Things you can learn from Warren Buffett’s Annual Letter to Berkshire Hathaway shareholders

28th Feb 2018
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The annual letter from Warren Buffett to the shareholders of Berkshire Hathaway, the Omaha-headquartered American multinational conglomerate and holding company, was about the profitability of the company, about acquisitions, future plans, and the 15 common stock investments that at the end of the year had the largest market value.

Warren also explained how Berkshire Hathaway’s net worth jump of $65 billion was because of tax proceeds. The company received a tax boost of $29 billion from the recent tax cuts by the US Congress. The new tax rules reduced corporate taxes to 21 percent from 35 percent, giving US companies like Berkshire Hathaway significant gains.

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He also mentioned that for the first time in 14 years, the company’s insurance/underwriting business took a $3 billion hit. Referring to the company's insurance business as “the engine that for 51 years has powered Berkshire’s growth”, Warren noted that the three hurricanes Irma, Maria, and Harvey did considerable damage to infrastructure and subsequently the company’s business.

Warren also highlighted elements the company looks for in stand-alone businesses. Some of the key qualities that the letter lists for new stand-alone businesses include “durable competitive strengths, able and high-grade management, good returns on the net tangible assets required to operate the business, opportunities for internal growth at attractive returns, and, finally, a sensible purchase price.”

A sensible purchase price proved to be a barrier in 2017, as prices for average, but “far from spectacular” businesses hit an all-time high and led to Berkshire’s recent drought in acquisitions. Despite the drought, Warren was clear that he and Vice Chairman Charlie Munger would continue to follow the simple guideline: “The less the prudence with which others conduct their affairs, the greater the prudence with which we must conduct our own.” 

In the letter, Warren also shows his preference for short-term US bonds over stocks. He writes, “As an investor’s investment horizon lengthens, however, a diversified portfolio of US equities becomes progressively less risky than bonds, assuming that the stocks are purchased at a sensible multiple of earnings relative to then-prevailing interest rates.”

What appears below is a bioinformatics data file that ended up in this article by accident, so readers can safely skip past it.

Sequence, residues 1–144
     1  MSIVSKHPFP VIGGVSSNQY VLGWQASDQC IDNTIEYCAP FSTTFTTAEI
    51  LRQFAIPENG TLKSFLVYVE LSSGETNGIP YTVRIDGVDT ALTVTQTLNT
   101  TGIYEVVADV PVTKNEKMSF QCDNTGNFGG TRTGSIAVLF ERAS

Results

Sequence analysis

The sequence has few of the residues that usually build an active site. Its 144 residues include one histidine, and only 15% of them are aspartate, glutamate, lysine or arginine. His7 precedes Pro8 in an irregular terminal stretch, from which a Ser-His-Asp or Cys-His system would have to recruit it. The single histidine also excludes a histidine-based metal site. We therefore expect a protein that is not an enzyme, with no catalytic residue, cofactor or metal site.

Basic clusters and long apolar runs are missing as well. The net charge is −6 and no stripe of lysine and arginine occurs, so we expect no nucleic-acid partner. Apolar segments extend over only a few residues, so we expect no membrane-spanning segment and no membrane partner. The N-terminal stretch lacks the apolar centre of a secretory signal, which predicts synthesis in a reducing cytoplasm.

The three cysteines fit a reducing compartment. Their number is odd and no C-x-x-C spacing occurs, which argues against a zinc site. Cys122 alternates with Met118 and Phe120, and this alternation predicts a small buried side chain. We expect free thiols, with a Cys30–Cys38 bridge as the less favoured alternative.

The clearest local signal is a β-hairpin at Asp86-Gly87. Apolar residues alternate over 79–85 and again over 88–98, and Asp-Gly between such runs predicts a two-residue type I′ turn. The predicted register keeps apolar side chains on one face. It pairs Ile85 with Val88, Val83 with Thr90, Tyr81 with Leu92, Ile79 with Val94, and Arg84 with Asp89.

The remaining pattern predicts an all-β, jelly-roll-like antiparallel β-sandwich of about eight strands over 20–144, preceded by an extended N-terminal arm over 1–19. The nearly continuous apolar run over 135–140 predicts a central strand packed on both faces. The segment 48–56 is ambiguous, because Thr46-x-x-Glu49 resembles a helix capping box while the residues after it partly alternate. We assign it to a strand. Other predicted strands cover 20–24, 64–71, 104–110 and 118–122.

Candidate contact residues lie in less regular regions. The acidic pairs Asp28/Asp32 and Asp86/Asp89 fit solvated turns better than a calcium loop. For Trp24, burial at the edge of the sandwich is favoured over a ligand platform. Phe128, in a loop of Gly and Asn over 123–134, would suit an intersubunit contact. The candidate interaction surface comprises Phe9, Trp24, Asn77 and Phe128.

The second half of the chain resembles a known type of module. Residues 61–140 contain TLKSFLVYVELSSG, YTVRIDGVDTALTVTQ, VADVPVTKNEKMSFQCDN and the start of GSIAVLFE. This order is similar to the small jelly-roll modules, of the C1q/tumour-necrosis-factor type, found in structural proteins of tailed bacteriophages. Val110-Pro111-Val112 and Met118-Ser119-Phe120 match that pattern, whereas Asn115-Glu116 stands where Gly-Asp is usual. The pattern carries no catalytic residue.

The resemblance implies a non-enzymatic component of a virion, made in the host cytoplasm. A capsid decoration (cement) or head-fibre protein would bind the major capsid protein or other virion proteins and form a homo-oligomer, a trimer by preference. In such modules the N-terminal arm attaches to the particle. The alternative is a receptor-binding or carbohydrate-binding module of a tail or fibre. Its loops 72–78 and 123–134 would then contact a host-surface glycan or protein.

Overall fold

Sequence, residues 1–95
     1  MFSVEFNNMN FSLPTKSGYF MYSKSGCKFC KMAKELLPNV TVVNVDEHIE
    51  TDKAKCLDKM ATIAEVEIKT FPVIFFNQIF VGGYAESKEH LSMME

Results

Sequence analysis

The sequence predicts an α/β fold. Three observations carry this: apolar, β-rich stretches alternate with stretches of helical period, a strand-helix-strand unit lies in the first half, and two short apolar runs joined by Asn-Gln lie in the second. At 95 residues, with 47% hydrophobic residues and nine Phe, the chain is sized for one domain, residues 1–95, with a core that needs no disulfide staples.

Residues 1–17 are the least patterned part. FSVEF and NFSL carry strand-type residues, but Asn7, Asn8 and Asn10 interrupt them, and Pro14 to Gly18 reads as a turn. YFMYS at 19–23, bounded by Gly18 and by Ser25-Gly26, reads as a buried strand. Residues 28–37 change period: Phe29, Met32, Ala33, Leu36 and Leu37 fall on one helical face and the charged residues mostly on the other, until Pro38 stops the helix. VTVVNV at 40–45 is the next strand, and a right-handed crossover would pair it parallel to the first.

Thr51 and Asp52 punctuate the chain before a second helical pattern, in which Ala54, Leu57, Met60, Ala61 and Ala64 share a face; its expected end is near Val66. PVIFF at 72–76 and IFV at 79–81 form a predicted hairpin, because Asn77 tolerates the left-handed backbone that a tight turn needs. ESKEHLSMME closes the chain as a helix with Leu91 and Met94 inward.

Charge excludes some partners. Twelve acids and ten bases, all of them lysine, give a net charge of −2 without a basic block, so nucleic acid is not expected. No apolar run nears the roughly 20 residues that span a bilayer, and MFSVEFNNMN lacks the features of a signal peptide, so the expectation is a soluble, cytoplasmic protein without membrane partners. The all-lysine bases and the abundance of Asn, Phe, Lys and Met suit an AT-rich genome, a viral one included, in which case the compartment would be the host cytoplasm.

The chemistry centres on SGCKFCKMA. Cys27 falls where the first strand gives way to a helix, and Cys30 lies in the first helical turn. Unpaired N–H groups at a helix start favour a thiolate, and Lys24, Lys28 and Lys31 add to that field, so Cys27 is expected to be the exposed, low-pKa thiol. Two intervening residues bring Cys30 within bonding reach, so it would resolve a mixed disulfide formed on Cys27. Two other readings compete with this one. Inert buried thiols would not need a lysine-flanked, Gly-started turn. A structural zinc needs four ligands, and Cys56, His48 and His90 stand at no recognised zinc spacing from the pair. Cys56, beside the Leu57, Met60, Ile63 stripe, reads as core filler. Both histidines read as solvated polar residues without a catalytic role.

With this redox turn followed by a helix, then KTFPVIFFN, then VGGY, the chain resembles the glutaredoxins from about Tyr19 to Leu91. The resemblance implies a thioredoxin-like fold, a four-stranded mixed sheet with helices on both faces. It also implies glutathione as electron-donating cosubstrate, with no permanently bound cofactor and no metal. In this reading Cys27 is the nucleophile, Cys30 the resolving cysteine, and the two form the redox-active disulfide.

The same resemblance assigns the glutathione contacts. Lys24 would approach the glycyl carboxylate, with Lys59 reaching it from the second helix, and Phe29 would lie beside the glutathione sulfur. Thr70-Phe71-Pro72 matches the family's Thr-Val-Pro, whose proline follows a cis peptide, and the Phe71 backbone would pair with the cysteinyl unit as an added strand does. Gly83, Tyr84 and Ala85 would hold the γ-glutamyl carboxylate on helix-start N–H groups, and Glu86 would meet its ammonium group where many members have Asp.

The letter also welcomes Ajit Jain and Greg Abel, elected by the Berkshire board as Directors of Berkshire Hathaway. Warren writes, “Ajit is now responsible for insurance operations, and Greg oversees the rest of our businesses. Charlie and I will focus on investments and capital allocation. You and I are lucky to have Ajit and Greg working for us. Each has been with Berkshire for decades, and Berkshire’s blood flows through their veins. The character of each man matches his talents.”

Through the letter, he also talks about people who are crucial to Berkshire. Vice Chairman Charlie Munger finds mention multiple times and so does the team. Before Warren signs off, he applauds the efforts of the Berkshire Hathaway team, mentioning how it does so much more beyond Berkshire: “Their efforts go beyond activities strictly related to Berkshire: Last year, for example, they dealt with the 40 universities (selected from 200 applicants) who sent students to Omaha for a Q&A day with me. They also handle all kinds of requests that I receive, arrange my travel, and even get me hamburgers and French fries (smothered in Heinz ketchup, of course) for lunch. In addition, they cheerfully pitch in to help at the annual meeting in whatever way they are needed. They are proud to work for Berkshire, and I am proud of them.”

The 16-page letter is definitely worth a read, especially for investors looking for some sound advice from the great man himself. Though its takeaways may not be very useful for markets outside the US, the letter nevertheless gives a good view of what Warren thinks of the US markets and the core that Berkshire continues to focus on: sizable stand-alone acquisitions, bolt-on acquisitions that fit with businesses it already owns, internal sales growth and margin improvement at its many and varied businesses, and investment earnings from its huge portfolio of stocks and bonds.

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